Sustainability was considered throughout the design process. BDP ‘designed in’ demountablilty of the structure – steel columns could be inserted in the hanger positions and, after load take up, the building could be demounted in a traditional way. Also, the play areas are open to the fresh air and the long side of each is curved to the south to enjoy all day sun. The central atrium provides cross ventilation to the naturally ventilated classrooms.

The construction budget for the school was £6m. The structural frame comprised 200 tonnes of steelwork and the average cost of the primary frame was £1,000 per tonne and of the arch £2,000 per tonne.

Judges’ Comment

s:

This novel structure pioneers the way to optimise the use of land set aside for educational purposes in inner city conurbations by adopting the concept of the vertical primary school. Steel and composite construction are used efficiently and effectively to provide a large column-free space at ground level for sport, assembly and other collective activities, whilst the upper floors, suspended from the bow arch and at roof level, accommodate teaching facilities for each of the class groups as they progress upwards to the completion of their primary education.

Kinnaird House, 1-2 Pall Mall East, London

Kinnaird House, 1-2 Pall Mall East, London

Architect

Trehearne Architects

Structural Engineer

WSP Cantor Seinuk

Structural Contractor

Bourne Steel Ltd

Main Contractor

Kier Build Ltd

Client

Haslemere Estates Management Ltd and Schildvink bv

Kinnaird House was constructed in the early 1920s on an island site. It was built using Portland stone held in place by an integral steel frame.

Steel and stone were tied together with mortar, brick and concrete with rubble fill in places. The original floors were constructed using riveted steel plated beams with concrete and hollow clay pots and a floating timber floor.

The client’s main criterion for the redevelopment was that the existing character of the building should be maintained while maximising the net lettable floor area. This was achieved by retaining all four facades and reconstructing the internal floors. Careful investigation proved that the existing perimeter stanchions and foundations could remain unaltered. Re-using the majority of the original foundations also produced a design that did not affect the Bakerloo Line running tunnels that cross directly below one corner of the building.

Several studies were undertaken in the initial stages of the project to determine the position of the core and the number of columns within the building. With careful planning and optimising of the beam spans and services locations it proved possible to reduce the total number of internal columns to just four, giving the client excellent floor space. The adoption of a slimflor beam system and lightweight concrete metal deck floor slabs and the consequent reduction in load carried by the foundations enabled an additional floor to be inserted into the old banking hall area and an extra floor to be added for plant at roof level.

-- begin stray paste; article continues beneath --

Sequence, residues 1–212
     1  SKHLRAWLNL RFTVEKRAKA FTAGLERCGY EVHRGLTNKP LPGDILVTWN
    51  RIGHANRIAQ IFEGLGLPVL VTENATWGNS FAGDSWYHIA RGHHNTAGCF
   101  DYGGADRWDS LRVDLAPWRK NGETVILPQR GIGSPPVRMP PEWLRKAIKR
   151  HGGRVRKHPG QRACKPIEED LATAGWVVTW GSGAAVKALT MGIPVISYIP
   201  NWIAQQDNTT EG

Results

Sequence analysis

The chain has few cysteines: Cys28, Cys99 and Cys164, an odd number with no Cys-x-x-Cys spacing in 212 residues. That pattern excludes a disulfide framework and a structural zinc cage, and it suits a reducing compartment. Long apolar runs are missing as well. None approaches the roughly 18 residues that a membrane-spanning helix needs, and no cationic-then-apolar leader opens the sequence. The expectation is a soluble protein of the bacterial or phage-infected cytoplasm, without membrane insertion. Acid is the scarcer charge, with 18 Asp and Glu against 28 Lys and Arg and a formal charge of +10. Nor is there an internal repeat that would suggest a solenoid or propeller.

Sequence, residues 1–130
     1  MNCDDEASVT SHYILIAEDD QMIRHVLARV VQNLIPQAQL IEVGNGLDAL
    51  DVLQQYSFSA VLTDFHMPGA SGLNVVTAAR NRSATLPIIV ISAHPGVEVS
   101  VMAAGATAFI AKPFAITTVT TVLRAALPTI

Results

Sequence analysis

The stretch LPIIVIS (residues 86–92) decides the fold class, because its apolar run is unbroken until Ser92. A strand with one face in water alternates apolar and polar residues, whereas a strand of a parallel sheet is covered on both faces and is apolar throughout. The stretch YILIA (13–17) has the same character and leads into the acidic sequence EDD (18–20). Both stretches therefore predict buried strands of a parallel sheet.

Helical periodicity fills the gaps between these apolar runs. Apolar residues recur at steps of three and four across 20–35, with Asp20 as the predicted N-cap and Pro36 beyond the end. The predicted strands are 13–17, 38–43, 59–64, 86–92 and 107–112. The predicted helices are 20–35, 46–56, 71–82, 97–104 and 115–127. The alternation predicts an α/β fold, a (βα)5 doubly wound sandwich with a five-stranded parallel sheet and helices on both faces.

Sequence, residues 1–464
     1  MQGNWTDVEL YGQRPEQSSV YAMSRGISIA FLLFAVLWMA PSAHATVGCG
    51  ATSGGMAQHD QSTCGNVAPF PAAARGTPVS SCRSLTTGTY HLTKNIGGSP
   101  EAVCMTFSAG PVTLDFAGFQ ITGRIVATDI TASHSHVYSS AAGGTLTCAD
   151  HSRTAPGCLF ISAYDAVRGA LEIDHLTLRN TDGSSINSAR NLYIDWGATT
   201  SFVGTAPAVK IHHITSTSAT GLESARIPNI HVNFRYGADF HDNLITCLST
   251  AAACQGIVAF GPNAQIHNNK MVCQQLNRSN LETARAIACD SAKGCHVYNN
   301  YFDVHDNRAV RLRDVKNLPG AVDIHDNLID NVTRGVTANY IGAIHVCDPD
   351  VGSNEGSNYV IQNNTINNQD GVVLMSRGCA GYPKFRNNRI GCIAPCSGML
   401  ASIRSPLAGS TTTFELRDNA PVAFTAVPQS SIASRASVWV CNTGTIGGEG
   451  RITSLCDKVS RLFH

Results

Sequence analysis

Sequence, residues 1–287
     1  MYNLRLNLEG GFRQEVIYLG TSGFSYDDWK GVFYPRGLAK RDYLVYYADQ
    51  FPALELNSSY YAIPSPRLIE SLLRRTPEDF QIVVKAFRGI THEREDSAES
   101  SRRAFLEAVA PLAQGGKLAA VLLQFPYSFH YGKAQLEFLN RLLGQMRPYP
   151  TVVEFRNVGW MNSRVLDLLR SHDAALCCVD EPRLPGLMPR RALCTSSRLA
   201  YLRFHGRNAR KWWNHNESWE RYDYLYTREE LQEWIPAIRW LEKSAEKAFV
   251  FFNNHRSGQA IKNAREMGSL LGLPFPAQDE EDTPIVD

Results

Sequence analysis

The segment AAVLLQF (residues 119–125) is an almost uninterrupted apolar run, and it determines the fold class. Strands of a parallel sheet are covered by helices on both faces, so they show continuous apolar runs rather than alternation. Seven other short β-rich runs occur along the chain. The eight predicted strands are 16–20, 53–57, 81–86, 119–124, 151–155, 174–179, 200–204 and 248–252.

New angle brackets were welded to the existing stanchions during the demolition phase to assist in the erection of the steelwork frame. This simple procedure greatly assisted the following main-frame erection process and contributed to safe and efficient work on site.

Where appropriate, re-cycled materials were specified. In effect, the original embedded steelwork was re-cycled by its re-use in the new load-carrying frame. Trehearne Architects’ proposal was based on a design that would provide an environmentally friendly building with maximum net lettable area and fully integrated mechanical and electrical services. By carefully selecting the level of the first floor steelwork it was possible to use the existing full height ground floor windows to naturally light ground and first floor without affecting the external facade.

The newly refurbished building achieved an ‘excellent’ rating under the Building Research Establishment Environmental Assessment Method (BREEAM). This is uncommon for a refurbished air-conditioned building in central London.

The key features of the building are the use of simple slimflor beam construction and lightweight concrete on metal decking floor slabs and the connection of the new internal steelwork frame to the original embedded steelwork stanchions. The use of the slimflor construction solution also allowed an unhindered services zone across each floor plate. Steelwork framing for the turrets, chimneys and vehicle entrance also shows that steelwork is a versatile material that can be used to deal with complicated geometry.

Judges’ Comment

s:

Kinnaird House represents a fine solution to the problems of inner city reconstructions, occupying a prominent site near London’s Trafalgar Square. The challenge of inserting new floors, with one additional storey, within the retained facades is a familiar one. The success in coping with the logistical problems of sequencing deliveries, new framing and reconstruction could only be achieved by the skilful use of steelwork.